Conservationist network in callous Chagossian snub

The International Union for the Conservation of Nature (IUCN) has submitted a briefing document to the government outlining its support for a Marine Protected Area (MPA) around the Chagos islands. As they claim to represent “over 1,000 government and NGO member organizations,” the IUCN’s submision is chilling reading for anybody who believes in the Chagossians’ right to return.

The paper begins by stating: “The Chagos Archipelago is one of the last remaining places on earth where marine ecosystems and species function relatively unmodified and unperturbed. This makes it invaluable not only as a means for replenishment of other, more degraded, parts of the Indian Ocean, but also as a benchmark – and a beacon of hope – for the world… Placing the Chagos archipelago [...] under a robust and unambiguous protection and conservation framework would realize this potential, and the area would be held in trust for the citizens of the United Kingdom, countries around the Indian Ocean and the world community.”

So far, so so. The protection of the Chagos islands’ environment and marine life is something that everybody can subscribe to, not least of all the Chagossians themselves, who have repeatedly made clear their commitment to helping safeguard their homeland for the benefit of future generations. However, on page 3 the report reveals a darker side to itself:

The absence of human populations is the main reason for the present conservation status of Chagos as a rare surviving example of nature as it should be, where human pressures do not conflict with environmental needs and lead to degradation and impoverishment. Chagos is, with the exception of Diego Garcia, uninhabited, a status upheld through a 2008 House of Lords ruling which found no right of return on the part of the Chagossians. Because of this Chagos provides us with a scientific benchmark for environmental health, and an area to help us understand and deal with such problems as pollution, loss of biodiversity and climate change.”

Nature as it should be? So the IUCN is saying that the forced expulsion of thousands of Chagos islanders in the 1960s and 1970s is justifiable on the grounds that it stopped “human pressures” (i.e. peoples’ lives) interfering with environmental needs? As well as being callous in the extreme, this passage shows the shocking extent to which some scientists have succumbed to the government’s false dichotomy between (1) resettlement of the Chagos islands and (2) environmental protecton. The two are NOT mutually exclusive.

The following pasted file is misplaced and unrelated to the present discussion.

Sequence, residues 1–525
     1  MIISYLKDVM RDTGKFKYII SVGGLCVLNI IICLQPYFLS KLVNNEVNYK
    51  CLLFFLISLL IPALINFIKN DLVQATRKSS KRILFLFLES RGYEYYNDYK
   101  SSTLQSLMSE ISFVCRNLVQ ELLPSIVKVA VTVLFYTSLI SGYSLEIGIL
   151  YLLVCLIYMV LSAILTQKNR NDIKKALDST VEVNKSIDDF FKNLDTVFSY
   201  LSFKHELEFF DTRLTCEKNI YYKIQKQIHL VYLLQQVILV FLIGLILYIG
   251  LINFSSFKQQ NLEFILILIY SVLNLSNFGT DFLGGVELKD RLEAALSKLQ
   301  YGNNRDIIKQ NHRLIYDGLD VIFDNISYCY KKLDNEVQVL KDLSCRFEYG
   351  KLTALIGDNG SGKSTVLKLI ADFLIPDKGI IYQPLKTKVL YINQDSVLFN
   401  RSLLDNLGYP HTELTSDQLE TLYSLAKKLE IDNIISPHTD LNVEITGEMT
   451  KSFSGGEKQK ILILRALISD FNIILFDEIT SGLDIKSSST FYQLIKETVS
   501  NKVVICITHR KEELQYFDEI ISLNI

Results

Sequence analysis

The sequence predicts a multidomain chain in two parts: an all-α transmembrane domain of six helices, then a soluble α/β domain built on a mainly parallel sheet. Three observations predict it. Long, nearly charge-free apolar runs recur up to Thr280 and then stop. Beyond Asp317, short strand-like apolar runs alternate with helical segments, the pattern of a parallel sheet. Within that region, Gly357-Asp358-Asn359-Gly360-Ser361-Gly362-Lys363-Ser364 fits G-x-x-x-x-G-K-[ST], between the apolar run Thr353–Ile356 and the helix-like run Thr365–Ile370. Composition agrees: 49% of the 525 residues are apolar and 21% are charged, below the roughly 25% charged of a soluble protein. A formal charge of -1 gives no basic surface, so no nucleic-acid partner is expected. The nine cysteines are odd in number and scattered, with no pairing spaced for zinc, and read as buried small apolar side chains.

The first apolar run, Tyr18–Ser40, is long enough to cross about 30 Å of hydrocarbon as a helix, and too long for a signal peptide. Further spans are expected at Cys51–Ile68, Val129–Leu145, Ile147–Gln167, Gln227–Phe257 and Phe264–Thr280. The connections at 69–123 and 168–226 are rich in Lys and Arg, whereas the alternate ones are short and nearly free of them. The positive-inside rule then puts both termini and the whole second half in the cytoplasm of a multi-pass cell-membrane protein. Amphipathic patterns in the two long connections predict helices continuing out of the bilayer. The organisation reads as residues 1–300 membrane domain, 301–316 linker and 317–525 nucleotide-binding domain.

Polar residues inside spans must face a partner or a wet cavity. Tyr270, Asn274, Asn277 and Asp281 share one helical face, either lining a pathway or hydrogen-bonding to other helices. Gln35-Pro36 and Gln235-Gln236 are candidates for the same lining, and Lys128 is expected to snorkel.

It seems that those elements of the scientific community who are willing to cut the Chagossians out of the frame are showing themselves to be highly organised and unphased by what the consequences of their unqualified support for an MPA might mean for the indigenous people of the archipelago they profess to wish to protect; it’s crucial that the supporters of the Chagossians are equally as vocal.

Here, again, are the contact details you can use to respond to the Foreign Office’s consultation on the MPA issue and tell them that they won’t succeed in marginalising the Chagossians:

(i) Write to:
BIOT marine protected area consultation
Overseas Territories Directorate
Foreign and Commonwealth Office
King Charles Street

(ii) E-mail your response to:

The IUCN itself can be contacted via its website.


  1. Sidney Holt says:

    I have written to IUCN, as an old associate, and hope to have some influence on then to desist from support of the MPA in present circumstances. Dr Sidney Holt

  2. Peter says:

    Thankyou Dr Holt, that's very decent of you. And thanks also for letting people know via this blog.

    I do hope that the IUCN and others will be able to rethink what appears to be their current position, as I can't see how supporting the Chagossians' rights would detract in any way from their own goals.

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